20 April 2018, text: MoneyPark, photo: Helvetia / iStock
Only a very few property buyers can finance a house or an apartment entirely from their capital resources. Home buyers usually need a loan, normally known as a mortgage in the context of property. To take out a mortgage you usually have to fulfil two criteria, from the perspective of the financial institutions: loan-to-value ratio and viability.
Loan-to-value describes the ratio between mortgage amount and property value. In that context, financial institutions grant loans of up to 80 per cent of the property value. That means that a buyer has to raise at least 20 per cent equity capital. Of this 20 per cent equity capital, half must be available in the form of “hard equity” and must not come from pension assets drawn prematurely. That means this money has to be actually available and to be put aside by the buyers.
Once the buyer has saved up enough equity capital, the financial institutions check whether the property is financially viable in the long term. Viability requirements are fulfilled when no more than a third of gross household income has to be spent on the ongoing costs of the property. In the case of a mortgage from Helvetia, ongoing costs include 7% interest costs. These are made up of the following factors: Maintenance costs amount to 1 per cent of the property value; in addition there is another 1 per cent for amortisation and an imputed interest rate of 5 per cent. In most cases, the second mortgage has to be amortised within a certain period.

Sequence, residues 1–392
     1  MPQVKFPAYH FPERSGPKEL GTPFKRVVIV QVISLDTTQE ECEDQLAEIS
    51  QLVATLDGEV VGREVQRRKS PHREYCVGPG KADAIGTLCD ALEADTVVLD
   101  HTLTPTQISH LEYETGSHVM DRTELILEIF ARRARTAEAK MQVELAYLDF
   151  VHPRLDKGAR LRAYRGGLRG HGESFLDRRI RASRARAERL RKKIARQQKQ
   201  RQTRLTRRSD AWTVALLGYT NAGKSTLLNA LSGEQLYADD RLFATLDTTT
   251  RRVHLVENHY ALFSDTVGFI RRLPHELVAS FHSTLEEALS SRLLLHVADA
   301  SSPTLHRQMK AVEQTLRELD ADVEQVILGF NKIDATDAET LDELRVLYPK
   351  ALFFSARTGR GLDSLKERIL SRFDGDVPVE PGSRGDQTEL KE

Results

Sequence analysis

In addition to these criteria, the valuation of the property and the calculation of income can also vary greatly from provider to provider. For that reason it is advisable for mortgage borrowers to obtain between three and five quotes from different providers. In order to be able to make relevant comparisons, they should not only obtain quotes from banks but also from insurance companies such as Helvetia, and pension funds.
Im Dezember 2016 hat die Helvetia Gruppe 70 Prozent des grössten Schweizer Hypothekenvermittlers MoneyPark übernommen. Mit dieser Mehrheitsbeteiligung investiert die Versicherungsgesellschaft in ein neues Geschäftsmodell und treibt die Digitalisierung voran. Im Helvetia Blog geben Experten von MoneyPark und Helvetia Tipps rund um Hypotheken und Immobilien.